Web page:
Added: Beena Elie - Date: 13.03.2022 00:15 - Views: 17120 - Clicks: 6680
Maybe everyone is looking down at their phones instead of talking to each other.
Many of us feel alone together, disconnected from passersby on the street, in our workplace, maybe even in our own home. So we turn to our smartphones for comfort, connection, entertainment, or distraction, not realizing that socializing through text—ing, messaging, or chatting on social media—rarely makes us feel better. Instead, it gets us stuck in our loneliness. Some of us are around people all day long. Why, we wonder, do we still feel lonely? Well it turns out that many of us are distracted during the majority of our social interactions—something we have technology to thank for.
But what we're all missing out on: The chance to connect for real. What to do: Be more mindful. Now, does this mean we have to meditate, sit in silence, and spend time reflecting on ourselves? Not at all! It just requires that you be present in the moment and open to life as it unfolds. Step 1: Start noticing when you're not present.
If your thoughts are beyond the present moment, you're not present. Keep an eye on whether you are thinking about anything other than what is happening right in front of you. What is the other person saying? How are they feeling? If you are able to focus on the moment you're in, it can help you feel real connection and combat loneliness.
Your strengths are what make you you. Reflect on them today with your 7 Days to Resilience challenge, now in the Shine app. Here's a sneak peek before you get started:. Make Connecting a Habit Because we only have a limited amount of time each day, our habit of spending more of our time using technology can result in us spending less of our time doing things that combat loneliness. Make connecting with people—on a deeper level—part of your routine, and it'll help you curb loneliness before it sets in.
Social media often tricks us into thinking that everyone is doing better than we are. In reality, people are increasingly struggling with mental health issueslike loneliness. If that's not possible, research suggests that texting with someone can help you feel better, at least in the short term. So when in doubt, reach out! But research suggests that even small social interactions with strangers—like chatting with someone in the line at the grocery store—can make us feel less lonely.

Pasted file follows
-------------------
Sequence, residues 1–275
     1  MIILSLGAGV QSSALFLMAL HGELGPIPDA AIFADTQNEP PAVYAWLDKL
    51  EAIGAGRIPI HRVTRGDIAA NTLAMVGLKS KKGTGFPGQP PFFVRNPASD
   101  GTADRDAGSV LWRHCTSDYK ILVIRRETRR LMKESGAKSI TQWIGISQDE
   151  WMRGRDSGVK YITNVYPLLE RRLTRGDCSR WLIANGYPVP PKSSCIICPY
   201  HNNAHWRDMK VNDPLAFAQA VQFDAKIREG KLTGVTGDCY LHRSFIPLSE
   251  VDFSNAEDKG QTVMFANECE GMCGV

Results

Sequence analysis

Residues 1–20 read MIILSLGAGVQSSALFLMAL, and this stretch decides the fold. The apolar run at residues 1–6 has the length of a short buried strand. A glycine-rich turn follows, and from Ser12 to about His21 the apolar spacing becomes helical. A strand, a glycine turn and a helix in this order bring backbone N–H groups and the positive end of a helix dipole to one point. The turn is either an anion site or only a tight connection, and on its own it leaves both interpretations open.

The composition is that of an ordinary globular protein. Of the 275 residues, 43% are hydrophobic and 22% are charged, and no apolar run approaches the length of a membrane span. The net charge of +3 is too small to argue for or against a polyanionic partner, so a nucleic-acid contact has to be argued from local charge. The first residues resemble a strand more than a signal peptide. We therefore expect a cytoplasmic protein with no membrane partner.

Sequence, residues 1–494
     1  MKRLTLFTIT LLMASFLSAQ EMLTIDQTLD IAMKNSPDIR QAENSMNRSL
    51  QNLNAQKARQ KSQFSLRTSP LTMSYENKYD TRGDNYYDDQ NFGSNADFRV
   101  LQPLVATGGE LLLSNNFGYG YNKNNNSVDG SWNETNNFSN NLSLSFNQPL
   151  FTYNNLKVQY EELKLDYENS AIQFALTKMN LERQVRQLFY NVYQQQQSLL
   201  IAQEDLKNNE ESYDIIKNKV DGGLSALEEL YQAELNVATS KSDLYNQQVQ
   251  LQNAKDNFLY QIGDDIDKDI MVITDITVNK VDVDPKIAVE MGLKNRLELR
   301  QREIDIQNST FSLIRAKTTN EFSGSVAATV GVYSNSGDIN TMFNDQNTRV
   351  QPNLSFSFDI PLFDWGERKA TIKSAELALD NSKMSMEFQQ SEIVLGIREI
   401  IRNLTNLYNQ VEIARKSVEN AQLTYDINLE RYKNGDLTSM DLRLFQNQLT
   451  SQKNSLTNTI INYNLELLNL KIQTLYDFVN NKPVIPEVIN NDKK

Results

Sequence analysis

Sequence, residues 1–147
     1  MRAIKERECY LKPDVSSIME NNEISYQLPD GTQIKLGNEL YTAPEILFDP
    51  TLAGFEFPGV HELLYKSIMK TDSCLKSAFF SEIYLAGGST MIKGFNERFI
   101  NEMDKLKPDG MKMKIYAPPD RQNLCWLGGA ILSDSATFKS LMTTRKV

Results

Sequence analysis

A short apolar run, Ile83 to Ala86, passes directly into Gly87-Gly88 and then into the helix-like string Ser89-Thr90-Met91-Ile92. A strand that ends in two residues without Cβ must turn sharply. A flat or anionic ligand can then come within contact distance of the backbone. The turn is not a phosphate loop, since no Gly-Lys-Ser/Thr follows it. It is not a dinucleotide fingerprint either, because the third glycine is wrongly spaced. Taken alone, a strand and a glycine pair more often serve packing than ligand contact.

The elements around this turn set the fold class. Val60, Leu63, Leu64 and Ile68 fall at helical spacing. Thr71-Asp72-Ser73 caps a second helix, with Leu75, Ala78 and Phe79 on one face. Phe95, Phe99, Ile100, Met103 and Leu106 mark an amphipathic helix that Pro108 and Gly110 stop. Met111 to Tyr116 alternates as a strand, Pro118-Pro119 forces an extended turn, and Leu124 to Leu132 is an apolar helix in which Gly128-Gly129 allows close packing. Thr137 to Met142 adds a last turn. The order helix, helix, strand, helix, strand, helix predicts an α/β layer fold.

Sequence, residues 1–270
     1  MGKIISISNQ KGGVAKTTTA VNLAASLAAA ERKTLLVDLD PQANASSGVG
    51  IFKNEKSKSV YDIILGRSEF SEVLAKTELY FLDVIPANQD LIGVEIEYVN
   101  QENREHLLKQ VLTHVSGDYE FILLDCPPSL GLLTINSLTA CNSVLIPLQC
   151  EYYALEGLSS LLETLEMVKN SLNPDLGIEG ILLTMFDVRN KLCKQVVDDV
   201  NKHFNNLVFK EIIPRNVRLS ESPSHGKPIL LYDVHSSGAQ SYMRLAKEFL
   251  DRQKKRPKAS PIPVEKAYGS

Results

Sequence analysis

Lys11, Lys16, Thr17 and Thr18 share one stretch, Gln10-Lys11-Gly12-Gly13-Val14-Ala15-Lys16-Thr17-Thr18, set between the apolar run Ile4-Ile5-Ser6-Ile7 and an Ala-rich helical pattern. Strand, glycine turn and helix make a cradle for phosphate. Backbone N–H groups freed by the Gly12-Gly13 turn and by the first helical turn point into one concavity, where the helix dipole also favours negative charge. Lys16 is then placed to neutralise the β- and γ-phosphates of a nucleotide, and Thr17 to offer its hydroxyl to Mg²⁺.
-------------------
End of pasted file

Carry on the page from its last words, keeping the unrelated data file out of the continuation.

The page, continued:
Research suggests small social interactions with strangers—like chatting with someone in the line at the grocery store—can make us feel less lonely. Challenge yourself to talk to one stranger per day.
Say hello to someone you pass on the street, chat with a cashier, or strike up a conversation with someone on your commute or at work. Shine is supported by members like you. When you buy through links on our site, we may earn an affiliate commission. See our affiliate disclosure for more info.
Feeling a Little Lonely? Try Tuning Into the Present. Tchiki Davis. Here's a sneak peek before you get started: 2. Tchiki Davis, M. Davis draws on her experiences building well-being products and interventions in Silicon Valley to deliver innovative ideas for increasing personal well-being. To learn more about how Tchiki can help you measure and improve well-being, please visit her at berkeleywellbeing. Get real-time advice, lift up others, and feel connected to kind, motivated people across the world.A little lonely looking for a friend
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Feeling lonely? Try finding better friends